Why the Agri-Tech Centres Exist & Fera's Role


Why the Agri-Tech Centres Exist & Fera's Role

John Chinn explains the huge importance the Agri-Tech centres will have on the UK agriculture industry and the desperate need for an 'industrial revolution'.

UK agriculture badly needs an 'industrial revolution' of its own. We need to be creative and radical and we need to adopt new technologies and move towards increased automation today, not tomorrow. This is because productivity in UK farming over the past 30 years is low and has been accompanied by a 1 % per year decline in UK self-sufficiency in food. To tackle this, the Government has invested £68 million in four agri-tech Centres, all with the same vision. CHAP, CIEL (Centre of Innovation Excellence in Livestock), AgriEpi (Agricultural Engineering Precision Innovation Centre) and Agrimetrics {Data Centre) want to bring all members of our agri-food industry together, to drive technology innovation as the way to achieve step-change improvements in our farming productivity.

CHAP {Crop Health & Protection) has been set up to do what it says on the tin - that is to revolutionise how farmers manage crop threats, including pests and diseases, both in the UK and overseas.

Sand Hutton

CHAP has 11 Founder Partners, made up of industry players and research institutions and, together, it aims to develop, adopt and exploit new agri-technologies and practices. We ask 'what is the need' and we answer that question by pulling technologies from the lab to the farm and through the supply chain. The fact is that climate change and a range of other factors, including an anticipated population growth (50 billion by 2050) and the degradation of ecosystems is making it increasingly difficult to meet the global demand for food in a sustainable way. To feed the growing world population we must increase our crop yields and this, in turn, will mean that we need to make significant progress in both fundamental and applied science of plants, microbes and soils, including protection from economically damaging pests, pathogens and weeds.

CHAP Chairman and Herefordshire farmer, John Chinn, said 'Technology innovation is the way to achieve real step change improvements that can make the difference between being a cottage industry and a global leader. The future is not just about driverless tractors, automation and robotics. I suggest that by 2030:

  • It will be unacceptable to use a prophylactic spray across the whole of a field. We will rely on targeted agrochemical applications applied on a reactive basis.
  • The norm, even for vegetable production, will be no till or min till farming. This will improve soil health and protect against soil erosion and dirty water run-off.
  • We will have developed automated pest and disease recognition and diagnostics - before symptoms are even visible to the human eye.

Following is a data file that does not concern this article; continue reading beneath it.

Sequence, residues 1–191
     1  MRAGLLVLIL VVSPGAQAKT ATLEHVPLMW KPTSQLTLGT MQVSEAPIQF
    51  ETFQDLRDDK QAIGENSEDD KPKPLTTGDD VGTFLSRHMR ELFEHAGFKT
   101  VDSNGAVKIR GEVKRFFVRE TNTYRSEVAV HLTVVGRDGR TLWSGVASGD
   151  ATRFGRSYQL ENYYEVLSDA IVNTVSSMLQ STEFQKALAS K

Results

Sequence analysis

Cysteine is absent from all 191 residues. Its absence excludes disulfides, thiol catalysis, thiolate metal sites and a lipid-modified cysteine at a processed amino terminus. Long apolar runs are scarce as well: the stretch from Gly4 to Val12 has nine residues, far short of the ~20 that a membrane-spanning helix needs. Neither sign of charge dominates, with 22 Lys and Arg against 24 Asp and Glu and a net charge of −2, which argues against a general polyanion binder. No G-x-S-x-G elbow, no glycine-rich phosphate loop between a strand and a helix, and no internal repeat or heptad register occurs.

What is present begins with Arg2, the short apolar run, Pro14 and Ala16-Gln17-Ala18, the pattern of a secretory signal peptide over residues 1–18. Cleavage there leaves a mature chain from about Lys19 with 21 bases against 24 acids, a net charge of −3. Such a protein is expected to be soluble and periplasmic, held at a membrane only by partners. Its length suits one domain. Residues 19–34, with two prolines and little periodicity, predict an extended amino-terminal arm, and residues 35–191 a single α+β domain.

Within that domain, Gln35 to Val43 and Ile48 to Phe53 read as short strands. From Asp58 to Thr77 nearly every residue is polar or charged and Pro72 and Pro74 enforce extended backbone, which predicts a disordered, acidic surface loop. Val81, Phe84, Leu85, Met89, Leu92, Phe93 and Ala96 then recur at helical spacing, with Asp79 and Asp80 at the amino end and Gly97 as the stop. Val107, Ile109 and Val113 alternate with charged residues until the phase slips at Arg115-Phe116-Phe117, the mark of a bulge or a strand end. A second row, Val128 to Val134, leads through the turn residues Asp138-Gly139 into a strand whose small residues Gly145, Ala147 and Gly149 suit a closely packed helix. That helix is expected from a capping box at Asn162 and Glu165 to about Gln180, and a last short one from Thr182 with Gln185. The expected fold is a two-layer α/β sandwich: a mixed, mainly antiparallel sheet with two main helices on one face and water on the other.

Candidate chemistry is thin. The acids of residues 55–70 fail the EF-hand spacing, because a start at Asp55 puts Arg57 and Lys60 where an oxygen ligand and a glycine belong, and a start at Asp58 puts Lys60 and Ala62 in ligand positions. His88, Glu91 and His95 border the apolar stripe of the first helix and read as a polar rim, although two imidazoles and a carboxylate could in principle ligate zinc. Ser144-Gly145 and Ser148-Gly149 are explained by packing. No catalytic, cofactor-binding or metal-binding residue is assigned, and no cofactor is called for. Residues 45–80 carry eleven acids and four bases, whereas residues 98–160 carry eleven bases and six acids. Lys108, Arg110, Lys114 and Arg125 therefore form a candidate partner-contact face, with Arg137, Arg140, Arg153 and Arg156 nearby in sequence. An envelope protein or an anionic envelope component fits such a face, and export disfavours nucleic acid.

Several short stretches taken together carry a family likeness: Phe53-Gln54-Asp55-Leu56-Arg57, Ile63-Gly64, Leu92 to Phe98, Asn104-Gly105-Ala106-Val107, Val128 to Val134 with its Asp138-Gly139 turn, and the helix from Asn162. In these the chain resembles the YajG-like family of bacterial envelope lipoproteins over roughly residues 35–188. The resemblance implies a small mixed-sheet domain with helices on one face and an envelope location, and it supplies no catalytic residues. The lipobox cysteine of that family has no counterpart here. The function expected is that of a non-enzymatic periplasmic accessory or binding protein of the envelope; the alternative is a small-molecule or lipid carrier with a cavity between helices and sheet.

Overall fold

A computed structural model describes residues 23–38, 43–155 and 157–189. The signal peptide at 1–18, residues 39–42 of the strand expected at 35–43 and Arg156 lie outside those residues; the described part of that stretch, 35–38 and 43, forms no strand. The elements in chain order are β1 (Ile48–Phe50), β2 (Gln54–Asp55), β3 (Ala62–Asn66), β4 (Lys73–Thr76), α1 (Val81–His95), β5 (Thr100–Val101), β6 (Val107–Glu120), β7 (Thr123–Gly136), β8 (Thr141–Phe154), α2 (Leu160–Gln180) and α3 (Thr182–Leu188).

• We will see increased use of biological control of pests, weeds and diseases.
  • Crop modelling and the interrogation of big data platforms will result in increased crop yields and quality.
  • The science, technology, surveillance and automation for this progress is being developed by CHAP and the other Agri-tech Centres working in unison'.

  • Fera Science is the lead partner on 3 of CHAP Assets. One of the assets is the new E-Flows Mesocosm, currently being built on the site here at Sand Hutton, the biggest of its kind in Europe. This facility is the first of its kind to provide fully flow through streams that can receive chemicals at the treatment rates predicted to occur in the environment, providing the ability to reproduce the expected field exposure accurately.

    Another of the assets is the SMART Decision Support Unit will establish a national surveillance and risk forecasting capability to determine prevailing and impending risks from pathogen and and pests across the UK in real-time using the latest technology in remote detection, predictive modelling and in-field data collection. Currently, uncertainty about the likely progress of epidemics and the effectiveness of treatment leads to over-caution. In order to protect against perceived threats to yield, even in low disease/pest seasons, there is an ever-increasing dependency on pesticides. Rapid feedback on the prevalence and susceptibility of biotic threats during the growing season would reduce uncertainty, thereby guiding treatment decisions, improving economic efficiency and mitigating the risks from pesticide resistance development.

    For further information about CHAP and its assets please refer to the following links:



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